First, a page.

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QotD: Innovation

Question: Where do you want to see the next innovation in computing, big or small?

My Answer: I want to see hard disks that are 10x faster than they are today. Hard drives are by far the biggest bottleneck we see today. After that, I'd like to see everyone's Internet connection become 10x faster.

You are encouraged to answer the Question of the Day for yourself in the comments or on your blog.

17 Responses to "QotD: Innovation"

  1. Yes, and if they could be just three times more reliable as well, that would be good news. I've only used S.M.A.R.T since recently so I cannot say if it improves matters but hard disks tend to break down without notice.

  2. While I hope that the base technology does get faster (speaking of hard drives), I think that there is technology now that could be used to make very noticeable gains in hard drive speed–striping. Hard drives are relatively cheap and RAID technology (both hardware controllers and software controllers) are similarly cheap. So, putting striped drive arrays in machines as a standard are very doable today.

  3. Taking one look under my desk, I'd wish for extending the use of wireless technologies. I'd still have to deal with power cables, but it'd be nice to get rid of Firewire, USB and other communication-related cables. I guess for that to happen, the main innovation required would be increased bandwidth on wireless channels (which probably means use of a higher frequency spectrum).

  4. Before my internet connection downcap becomes any faster, I'd like for upcaps in general to become faster. We need more bandwidth piping into the system first.

    As for the Next Big Thing, I'm looking to see how distributed computing pans out for the rest of us. Rendezvous + Xgrid could be awesome for things like slow iMovie renders.

  5. Two things:

    (a) Global wireless network.

    (b) Wireless electricity.

  6. In reply to Olivier, SMART doesn't make hard drives any more reliable. I just had my second Maxtor 80G drive die a few weeks ago. Both were less than a year old when they suddenly died. This one was being used in a server that was running 24 hours a day.

    I'd like to see more universal use of Rendezvous and plug-and-play on all platforms with automatic download & installation of necessary drivers (like we had in OS 9) when a new printer or other device is recognized.

  7. No, SMART doesn't make hard drives any more reliable but isn't it supposed to give some sort of notification when the drive is about to die because it starts reallocating bad blocks like mad?

    Anyway, the last disk that died in my hands was because one head almost broke and stuck to the disk. I don't think SMART would have seen that coming.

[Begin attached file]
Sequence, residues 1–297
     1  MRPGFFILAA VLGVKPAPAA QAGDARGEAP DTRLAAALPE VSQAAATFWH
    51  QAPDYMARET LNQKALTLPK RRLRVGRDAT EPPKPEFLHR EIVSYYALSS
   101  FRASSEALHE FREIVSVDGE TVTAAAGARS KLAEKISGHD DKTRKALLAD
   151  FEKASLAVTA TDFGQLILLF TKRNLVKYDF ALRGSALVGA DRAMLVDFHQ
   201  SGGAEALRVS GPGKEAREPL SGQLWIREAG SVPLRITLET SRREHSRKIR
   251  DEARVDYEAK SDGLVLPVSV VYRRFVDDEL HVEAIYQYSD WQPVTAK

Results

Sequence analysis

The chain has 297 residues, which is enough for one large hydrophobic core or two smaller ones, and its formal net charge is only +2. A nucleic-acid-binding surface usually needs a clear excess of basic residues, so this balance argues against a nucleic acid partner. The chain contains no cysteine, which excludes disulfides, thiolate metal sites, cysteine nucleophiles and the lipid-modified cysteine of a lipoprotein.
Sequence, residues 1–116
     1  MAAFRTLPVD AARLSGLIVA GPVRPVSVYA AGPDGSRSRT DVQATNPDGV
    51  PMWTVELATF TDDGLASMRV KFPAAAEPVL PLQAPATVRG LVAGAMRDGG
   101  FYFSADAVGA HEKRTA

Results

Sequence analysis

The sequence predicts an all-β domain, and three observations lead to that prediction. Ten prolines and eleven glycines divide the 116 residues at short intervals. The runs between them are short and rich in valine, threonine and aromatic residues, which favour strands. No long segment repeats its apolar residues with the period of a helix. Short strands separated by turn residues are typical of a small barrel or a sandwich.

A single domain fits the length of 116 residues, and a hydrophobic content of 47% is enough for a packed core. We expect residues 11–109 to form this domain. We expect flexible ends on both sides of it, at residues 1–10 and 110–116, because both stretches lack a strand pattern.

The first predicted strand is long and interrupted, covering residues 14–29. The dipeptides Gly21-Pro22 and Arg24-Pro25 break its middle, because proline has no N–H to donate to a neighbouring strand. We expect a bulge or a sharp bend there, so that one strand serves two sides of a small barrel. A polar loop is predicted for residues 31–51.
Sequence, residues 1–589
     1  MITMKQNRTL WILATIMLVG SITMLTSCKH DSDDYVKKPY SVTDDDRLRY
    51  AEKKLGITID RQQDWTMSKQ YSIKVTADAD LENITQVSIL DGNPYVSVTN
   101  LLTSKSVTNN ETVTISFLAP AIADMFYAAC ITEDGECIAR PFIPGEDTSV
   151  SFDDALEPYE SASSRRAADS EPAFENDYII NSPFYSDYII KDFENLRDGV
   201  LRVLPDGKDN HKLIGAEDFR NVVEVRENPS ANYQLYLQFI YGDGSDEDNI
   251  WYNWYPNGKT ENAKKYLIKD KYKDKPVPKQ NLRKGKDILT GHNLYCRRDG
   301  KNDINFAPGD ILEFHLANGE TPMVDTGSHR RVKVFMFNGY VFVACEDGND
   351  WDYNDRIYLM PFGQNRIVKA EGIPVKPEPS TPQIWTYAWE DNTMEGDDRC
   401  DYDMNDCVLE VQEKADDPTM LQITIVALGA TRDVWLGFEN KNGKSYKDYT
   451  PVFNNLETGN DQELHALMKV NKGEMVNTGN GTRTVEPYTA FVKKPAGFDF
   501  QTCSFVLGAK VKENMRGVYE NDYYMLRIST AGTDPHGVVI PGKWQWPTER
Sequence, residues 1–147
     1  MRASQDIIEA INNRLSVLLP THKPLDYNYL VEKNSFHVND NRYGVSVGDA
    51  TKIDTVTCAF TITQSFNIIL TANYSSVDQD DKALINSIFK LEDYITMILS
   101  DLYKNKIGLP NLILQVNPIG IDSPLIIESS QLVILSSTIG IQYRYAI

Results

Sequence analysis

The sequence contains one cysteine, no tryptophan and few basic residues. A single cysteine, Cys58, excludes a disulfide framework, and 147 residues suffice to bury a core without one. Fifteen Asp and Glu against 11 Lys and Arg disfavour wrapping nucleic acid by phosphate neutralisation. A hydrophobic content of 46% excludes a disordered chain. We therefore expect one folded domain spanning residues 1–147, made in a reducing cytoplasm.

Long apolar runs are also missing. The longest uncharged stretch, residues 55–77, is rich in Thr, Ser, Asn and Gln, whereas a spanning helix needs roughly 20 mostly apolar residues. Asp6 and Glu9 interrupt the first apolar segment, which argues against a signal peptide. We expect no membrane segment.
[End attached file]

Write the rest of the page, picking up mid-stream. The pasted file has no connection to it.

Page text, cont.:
8. I'd like to see an innovation in teaching about computers. We're all so ignorant even the most knowledgable user has such limited knowledge when it comes to using the different programs available. I'd even say that many people don't know about the availability of programs.

    After that I would also like to see spyware die and have more security and stability of all operating systems.

    Perhaps a little digital justice would be cool too.

  9. I'll vote for faster disks. They are just way too slow, which impacts an awful lot of things.

    Just one example: backups. If disks continue to grow in capacity as fast as they have without corresponding speed increases, then at some point the time needed to copy all the files on a disk will be so large as to make full backups completely impractical.

  10. I'll second the faster disks, and let's make them all solid state, and the size of a Compact Flash card while we're at it. Speed, stability, portability. Can you imagine a 200 GB solid state hard drive the size of the CF card that's in your digital camera?

  11. Disks, for the me anyway, don't limit my computing experience. Size does. I'm an avowed PowerBook user, and wouldn't even consider a desktop with the limitations it contains. I love the freedom of having all of my data on my available all the time and the ability to take it anywhere.

    But the size of portable drives is sorely lacking. My PowerBook has a 60 GB drive, and if I were to upgrade it, the largest I could get would be 80. To augment that, I use a 300 GB external Firewire drive for video editing (for all those movies I take of my kids). I've considered getting an iPod as primarily portable additional space (including the 15 GB of music I have), but the ideal solution would be to just be able to get a 300+ GB drive that will fit in my PowerBook. That's the inovation I'm awaiting with baited breath.

  12. I'd like a technology which catches spam, spyware, adware and other some-such before it gets to me, traces it back to the sender and fries their system(s) and/or the senders.

    (Is annoying somebody until they see red really conducive to making a sale?)

  13. I think we really need to get away from primary storage devices that involve something spinning or moving parts at all. This makes everything slower and less reliable. I get really tired of waiting of looking at the spinning rainbow while I'm waiting for a disk to become available.

  14. More letters in the alphabet to support more TLAs.

  15. I want a direct brain interface! No more typing or mouse clicking, f*** speech recognition!

  16. The Next Big Thing: 3D Interface

    What will be, or rather, what should be, the next innovation in computing? This is a question Erik Barzeski recently asked on his blog, and his own reply expressed the wish for hard drives that are 10 times faster than today's drives -- and also a 1...

  17. i would have to agree with RAID arrays being standard.

    ...maybe a touch-sensitive keyboard that automatically bolds when you hit it really hard. 🙂


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